The Michigan’s Public Service Commission’s (PSC) position on the Consumers Energy rate case is expected in mid-December, and solar officials and advocates in Michigan are cautiously optimistic that the PSC will recommend that Consumers Energy, Michigan’s largest utility, conduct a Value of Solar study as part of the rate case.
Solar advocates say that a Value of Solar report would be a win for the industry because it would conclusively show that that, under the current distributed generation incentive programs, residential and small commercial solar customers are being accurately compensated for contributing excess electricity to the grid. Some such advocates hope that the VOS study is conducted by a third party.
Rooftop and small commercial solar has grown exponentially in Michigan since 2008, when state law capped net metering at one percent of a utility’s peak load, and since 2016, when the legislature reaffirmed this law.
As it stands now, under Michigan law, a utility can remove or voluntarily lift its distributed generation cap, which the state legislature set at 1% of peak load. Aside from ending net metering, if a utility doesn’t voluntarily raise its distributed generation cap, it isn’t clear what happens next – once a cap is reached.
Michigan utilities, like Consumers Energy and Upper Peninsula Power Company (UPPCO), have been bumping up against the cap because solar prices are reasonable and interest in installing on-site solar is high.
“People want to get in before the program ends… That has created a bit of a land rush,” Laura Sherman, president of the Michigan Energy Innovation Business Council (EIBC), said. Several other factors, including the environmental case for solar and the investment tax credit phaseout, have also helped fuel the customer “land rush”.
Raising the cap, with a caveat
In late November, Consumers Energy announced that it would voluntarily raise its distributed generation cap to 2%. But it said that it would only lift its cap to 2% if the PSC agrees with its proposed distributed generation tariffs.
Solar advocates say that Consumers Energy did the right thing by expanding its cap and the wrong thing by using that as a bargaining chip to get its desired outcome on a largely unrelated decision.
The PSC’s distributed generation tariff framework, which was set up over the last few years, requires that customers pay for the power that they use – their inflow – at the full retail rate and that customers get paid some other rate for the power that they send back to the grid from a solar system. Consumers Energy has proposed compensating customers for power sent back to the grid from a solar system at a rate lower than the retail rate; it has proposed the power supply cost minus the cost of transmission, a solar official explained.
According to Sherman, Consumers Energy’s decision to lift its cap will protect Michigan small businesses and jobs in the solar industry, but it also shows that the current solar cap is arbitrary, unnecessary and an impediment to job growth.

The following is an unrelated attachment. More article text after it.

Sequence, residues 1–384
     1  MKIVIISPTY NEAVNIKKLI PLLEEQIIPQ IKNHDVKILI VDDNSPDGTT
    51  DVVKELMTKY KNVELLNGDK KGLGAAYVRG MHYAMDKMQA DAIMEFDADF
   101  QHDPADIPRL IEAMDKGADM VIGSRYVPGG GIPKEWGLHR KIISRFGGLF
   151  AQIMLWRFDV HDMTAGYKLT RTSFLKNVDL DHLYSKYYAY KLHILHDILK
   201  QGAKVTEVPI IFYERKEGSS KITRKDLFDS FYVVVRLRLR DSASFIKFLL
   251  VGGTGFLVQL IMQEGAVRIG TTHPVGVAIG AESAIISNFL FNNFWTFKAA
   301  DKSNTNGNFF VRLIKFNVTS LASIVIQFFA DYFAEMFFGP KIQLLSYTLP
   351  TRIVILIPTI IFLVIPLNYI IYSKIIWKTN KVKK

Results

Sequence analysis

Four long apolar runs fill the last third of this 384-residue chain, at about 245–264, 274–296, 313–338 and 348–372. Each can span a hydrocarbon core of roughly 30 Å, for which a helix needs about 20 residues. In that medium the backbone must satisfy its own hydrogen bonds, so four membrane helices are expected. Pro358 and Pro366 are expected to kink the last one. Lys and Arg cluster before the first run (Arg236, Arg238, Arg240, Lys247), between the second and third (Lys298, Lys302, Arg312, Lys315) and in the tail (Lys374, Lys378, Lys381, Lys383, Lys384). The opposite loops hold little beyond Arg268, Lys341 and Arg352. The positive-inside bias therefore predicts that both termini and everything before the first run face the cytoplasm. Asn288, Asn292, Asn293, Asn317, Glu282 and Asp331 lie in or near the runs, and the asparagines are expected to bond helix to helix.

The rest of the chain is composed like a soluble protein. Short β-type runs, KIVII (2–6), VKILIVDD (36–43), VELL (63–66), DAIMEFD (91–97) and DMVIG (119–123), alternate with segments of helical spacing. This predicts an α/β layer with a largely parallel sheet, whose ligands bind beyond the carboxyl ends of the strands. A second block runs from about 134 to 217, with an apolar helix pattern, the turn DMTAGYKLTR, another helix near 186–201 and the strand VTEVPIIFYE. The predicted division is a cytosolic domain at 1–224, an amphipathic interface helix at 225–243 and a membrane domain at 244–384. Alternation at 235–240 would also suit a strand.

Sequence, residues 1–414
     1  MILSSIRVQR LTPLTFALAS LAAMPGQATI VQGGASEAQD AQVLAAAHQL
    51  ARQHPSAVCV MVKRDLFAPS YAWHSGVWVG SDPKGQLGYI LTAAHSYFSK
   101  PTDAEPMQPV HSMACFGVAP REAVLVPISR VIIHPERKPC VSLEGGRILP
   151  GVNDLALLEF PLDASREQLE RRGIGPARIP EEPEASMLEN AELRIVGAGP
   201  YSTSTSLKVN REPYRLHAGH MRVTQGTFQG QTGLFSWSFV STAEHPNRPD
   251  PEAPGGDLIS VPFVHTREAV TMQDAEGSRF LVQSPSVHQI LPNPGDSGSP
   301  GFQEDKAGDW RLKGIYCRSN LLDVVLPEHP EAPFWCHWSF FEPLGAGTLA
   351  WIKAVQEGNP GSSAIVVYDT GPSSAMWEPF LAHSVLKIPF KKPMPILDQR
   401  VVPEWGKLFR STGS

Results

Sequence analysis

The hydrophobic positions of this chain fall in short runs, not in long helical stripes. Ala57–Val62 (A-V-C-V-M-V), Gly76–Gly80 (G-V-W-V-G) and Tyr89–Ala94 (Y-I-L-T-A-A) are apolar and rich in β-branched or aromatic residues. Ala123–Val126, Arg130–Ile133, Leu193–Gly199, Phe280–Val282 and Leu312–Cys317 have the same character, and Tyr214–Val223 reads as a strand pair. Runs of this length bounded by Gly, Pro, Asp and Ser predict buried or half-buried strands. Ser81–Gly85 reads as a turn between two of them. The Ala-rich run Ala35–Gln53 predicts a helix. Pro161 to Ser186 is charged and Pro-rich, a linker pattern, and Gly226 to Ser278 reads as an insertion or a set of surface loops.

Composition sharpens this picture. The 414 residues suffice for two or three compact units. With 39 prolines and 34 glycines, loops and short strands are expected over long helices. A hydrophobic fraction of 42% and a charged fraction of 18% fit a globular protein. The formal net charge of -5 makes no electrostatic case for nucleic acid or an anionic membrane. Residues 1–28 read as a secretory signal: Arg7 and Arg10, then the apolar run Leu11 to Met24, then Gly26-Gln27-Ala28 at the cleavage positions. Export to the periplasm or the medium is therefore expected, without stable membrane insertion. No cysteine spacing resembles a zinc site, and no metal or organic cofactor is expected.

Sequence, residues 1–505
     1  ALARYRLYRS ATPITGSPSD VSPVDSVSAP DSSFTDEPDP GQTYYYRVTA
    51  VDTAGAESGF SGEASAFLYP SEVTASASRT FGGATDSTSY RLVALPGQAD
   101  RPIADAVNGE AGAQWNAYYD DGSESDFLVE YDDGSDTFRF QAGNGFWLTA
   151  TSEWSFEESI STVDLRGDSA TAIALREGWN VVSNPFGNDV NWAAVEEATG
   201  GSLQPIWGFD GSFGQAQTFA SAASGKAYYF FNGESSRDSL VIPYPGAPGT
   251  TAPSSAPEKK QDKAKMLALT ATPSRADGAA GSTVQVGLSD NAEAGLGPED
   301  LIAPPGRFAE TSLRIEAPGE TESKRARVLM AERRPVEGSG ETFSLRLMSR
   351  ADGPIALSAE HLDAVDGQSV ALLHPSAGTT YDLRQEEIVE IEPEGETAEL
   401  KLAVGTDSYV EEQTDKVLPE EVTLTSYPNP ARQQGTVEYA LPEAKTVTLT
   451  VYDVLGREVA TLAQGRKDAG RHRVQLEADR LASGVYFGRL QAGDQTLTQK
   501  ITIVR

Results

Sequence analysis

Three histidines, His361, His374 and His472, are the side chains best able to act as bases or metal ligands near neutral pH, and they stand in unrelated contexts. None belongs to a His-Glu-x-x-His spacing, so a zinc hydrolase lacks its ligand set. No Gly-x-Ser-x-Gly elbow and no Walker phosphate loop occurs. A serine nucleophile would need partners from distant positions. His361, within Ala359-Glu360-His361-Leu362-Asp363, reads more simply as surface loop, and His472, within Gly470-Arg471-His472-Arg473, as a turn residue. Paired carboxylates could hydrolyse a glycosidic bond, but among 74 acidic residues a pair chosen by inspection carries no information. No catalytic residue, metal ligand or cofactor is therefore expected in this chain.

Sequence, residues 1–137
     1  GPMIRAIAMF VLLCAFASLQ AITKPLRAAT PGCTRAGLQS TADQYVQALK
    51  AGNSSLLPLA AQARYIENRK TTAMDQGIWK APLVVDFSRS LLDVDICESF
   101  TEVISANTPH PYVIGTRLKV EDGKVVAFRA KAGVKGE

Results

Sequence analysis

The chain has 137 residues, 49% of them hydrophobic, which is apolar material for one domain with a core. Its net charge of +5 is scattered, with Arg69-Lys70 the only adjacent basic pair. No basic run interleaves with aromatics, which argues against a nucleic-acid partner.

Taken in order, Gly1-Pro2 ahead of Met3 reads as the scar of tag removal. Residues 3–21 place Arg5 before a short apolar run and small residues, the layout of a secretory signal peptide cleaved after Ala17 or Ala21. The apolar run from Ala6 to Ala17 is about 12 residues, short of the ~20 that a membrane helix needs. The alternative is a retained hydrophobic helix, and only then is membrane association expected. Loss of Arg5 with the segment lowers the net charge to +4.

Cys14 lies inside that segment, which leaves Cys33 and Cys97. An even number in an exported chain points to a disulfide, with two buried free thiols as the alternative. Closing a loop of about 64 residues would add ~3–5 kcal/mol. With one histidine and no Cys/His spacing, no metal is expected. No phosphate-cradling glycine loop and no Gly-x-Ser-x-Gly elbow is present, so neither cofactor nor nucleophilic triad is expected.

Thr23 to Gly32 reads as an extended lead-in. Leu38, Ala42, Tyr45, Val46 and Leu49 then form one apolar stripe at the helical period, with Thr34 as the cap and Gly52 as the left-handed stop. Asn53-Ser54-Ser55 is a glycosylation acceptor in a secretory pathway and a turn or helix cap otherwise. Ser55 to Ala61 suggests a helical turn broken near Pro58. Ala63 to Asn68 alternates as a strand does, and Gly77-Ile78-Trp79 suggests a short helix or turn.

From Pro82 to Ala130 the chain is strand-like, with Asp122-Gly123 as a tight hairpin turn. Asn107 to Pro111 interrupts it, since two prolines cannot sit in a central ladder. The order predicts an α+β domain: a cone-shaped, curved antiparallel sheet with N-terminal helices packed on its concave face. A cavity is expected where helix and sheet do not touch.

“We call upon the Legislature to permanently eliminate the restrictive solar cap across Michigan,” she said in a statement, adding that doing so would create jobs, spark new businesses and generate tax revenues for local communities.
Like Consumers Energy, UPPCO, as part of a settlement agreement last year, lifted its distributed generation to 2%. One year on, UPPCO is already closing in on this 2% cap.
“We absolutely, desperately need legislative action,” John Delurey, Midwest campaign director for Vote Solar said. If nothing else, these piecemeal actions draw further attention to how these caps are arbitrary, he added. A bill that Michigan’s Senate is considering now, SB597, calls for lifting these caps.
It’s what you value
In the absence of legislative action or a recommendation that Consumers Energy conduct a Value of Solar study, PSC might decide to form a stakeholder working group focused on the Value of Solar, one official said. Although this would likely delay action, this group’s work could support the case for better compensating customers for power sent back to the grid from a solar system, the official noted.
Distributed generation provides significant value to the energy system through deferred investments in grid upgrades. “It’s essentially each customer paying out of pocket for a mini power plant that helps support their small corner of the grid,” Delurey said. Distributed generation can also help Michigan and Consumers Energy achieve their respective net-zero targets, other officials added. Distributed generation makes the grid more reliable and more efficient at the neighborhood level because it distributes generation throughout the grid, thus reducing load on the wires, reducing transmission and distribution costs.
Michigan has an older power infrastructure and huge upgrade needs on the distribution side. Also, because urban and rural areas within the state are sometimes covered by the same utility, the upgrades that are needed are expensive.
Already, Michigan has high energy prices compared with other Midwestern states, and the state’s electric utilities perform well below average compared with utilities in the rest of the country. According to the Citizens Utility Board of Michigan’s most recent report, on “major event” days, Michigan ranked 4th worst in the nation in terms of the average power restoration time following a customer outage. Excluding major event days, Michigan’s performance was 2nd worst in the U.S.
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